The first European patient has been enrolled in the ESCAPE trial by the Neuroradiology team in Beaumont Hospital and the Mater Hospital Stroke service. The Principal Investigators for this study are Beaumont Hospital based Consultants, Prof David Williams Consultant Stroke Physician (pictured), and Dr John Thornton Consultant Neuroradiologist. They are working in collaboration with stroke services throughout the region in identifying eligible patients and offering participation in the trial.

This study compares standard thrombolysis therapy with thrombectomy, in patients with proximal vessel occlusion stroke. Its outcome has the potential to revolutionize the future management of stroke patients. The trial is sponsored by the University of Calgary, Canada and is being conducted across Canada, USA and more recently Europe. It is being coordinated by research nurses from the RCSI Clinical Research Centre. (February 2014)


Biostatistical Consulting And Support Service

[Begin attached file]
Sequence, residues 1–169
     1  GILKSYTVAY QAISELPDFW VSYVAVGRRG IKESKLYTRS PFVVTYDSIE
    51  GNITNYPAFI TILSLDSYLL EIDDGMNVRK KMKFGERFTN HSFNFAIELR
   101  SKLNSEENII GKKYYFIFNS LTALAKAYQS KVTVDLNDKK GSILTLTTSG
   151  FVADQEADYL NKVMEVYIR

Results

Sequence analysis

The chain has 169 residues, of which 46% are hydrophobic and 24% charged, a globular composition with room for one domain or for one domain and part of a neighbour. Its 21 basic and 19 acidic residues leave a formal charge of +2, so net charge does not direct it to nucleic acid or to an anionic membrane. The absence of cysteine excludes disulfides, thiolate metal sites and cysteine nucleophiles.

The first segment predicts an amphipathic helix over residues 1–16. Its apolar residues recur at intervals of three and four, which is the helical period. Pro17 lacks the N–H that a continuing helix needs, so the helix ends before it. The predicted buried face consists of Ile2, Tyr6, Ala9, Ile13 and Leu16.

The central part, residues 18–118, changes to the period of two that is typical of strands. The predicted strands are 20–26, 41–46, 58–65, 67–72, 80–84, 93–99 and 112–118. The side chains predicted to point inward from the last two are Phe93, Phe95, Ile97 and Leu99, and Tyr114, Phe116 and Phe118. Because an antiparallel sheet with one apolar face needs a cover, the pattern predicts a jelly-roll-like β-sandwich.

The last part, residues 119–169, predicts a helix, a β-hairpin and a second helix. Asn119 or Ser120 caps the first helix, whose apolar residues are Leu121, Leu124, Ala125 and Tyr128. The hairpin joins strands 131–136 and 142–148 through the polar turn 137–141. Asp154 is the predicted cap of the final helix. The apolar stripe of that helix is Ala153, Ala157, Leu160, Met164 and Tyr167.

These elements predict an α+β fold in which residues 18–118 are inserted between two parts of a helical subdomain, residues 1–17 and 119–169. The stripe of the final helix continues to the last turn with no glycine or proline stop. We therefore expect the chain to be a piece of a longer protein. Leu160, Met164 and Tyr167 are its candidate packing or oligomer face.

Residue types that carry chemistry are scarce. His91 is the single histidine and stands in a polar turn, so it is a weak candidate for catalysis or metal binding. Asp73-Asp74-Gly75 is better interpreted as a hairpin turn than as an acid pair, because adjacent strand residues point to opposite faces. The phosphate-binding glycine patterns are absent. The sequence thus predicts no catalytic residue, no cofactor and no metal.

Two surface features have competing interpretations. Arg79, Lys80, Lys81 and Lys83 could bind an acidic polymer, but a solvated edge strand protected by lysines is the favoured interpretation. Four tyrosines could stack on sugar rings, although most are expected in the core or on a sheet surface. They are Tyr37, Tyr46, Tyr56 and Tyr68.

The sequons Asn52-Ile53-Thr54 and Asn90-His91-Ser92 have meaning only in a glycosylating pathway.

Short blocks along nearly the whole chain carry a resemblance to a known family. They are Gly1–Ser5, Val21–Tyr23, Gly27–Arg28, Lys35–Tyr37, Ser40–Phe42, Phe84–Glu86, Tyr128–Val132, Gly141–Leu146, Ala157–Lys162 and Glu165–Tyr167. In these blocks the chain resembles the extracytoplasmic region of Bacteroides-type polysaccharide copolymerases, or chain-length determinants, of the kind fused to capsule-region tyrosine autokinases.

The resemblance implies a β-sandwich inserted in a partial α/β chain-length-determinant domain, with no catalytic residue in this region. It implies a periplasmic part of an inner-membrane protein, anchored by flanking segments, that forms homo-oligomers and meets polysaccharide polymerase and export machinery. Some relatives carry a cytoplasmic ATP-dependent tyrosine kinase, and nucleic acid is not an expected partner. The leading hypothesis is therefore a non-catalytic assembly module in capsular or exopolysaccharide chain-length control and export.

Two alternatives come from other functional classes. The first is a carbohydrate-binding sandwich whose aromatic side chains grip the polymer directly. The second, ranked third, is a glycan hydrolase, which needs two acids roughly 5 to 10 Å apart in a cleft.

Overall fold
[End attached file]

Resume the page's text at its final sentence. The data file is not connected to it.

A Biostatistical Consulting and Support Service (BCSS) is now available at RCSI. The service is funded by the College and aims to provide biostatistical support to researchers during the preparation and the implementation of project proposals. The introduction of this support will contribute to delivering a high quality of quantitative research and improve the statistical skills of researchers at RCSI. The BCSS is being rolled out across the college in phases. Initially it will be available to all Principal Investigators in RCSI and in the RCSI-affiliated Academic Group of Hospitals only. The team involved in implementing this service consists of Professor Ronán Conroy and Dr Patrick Dicker, of Epidemiology & Public Health Medicine, and Dr Fiona Boland, General Practice (pictured). (February 2014)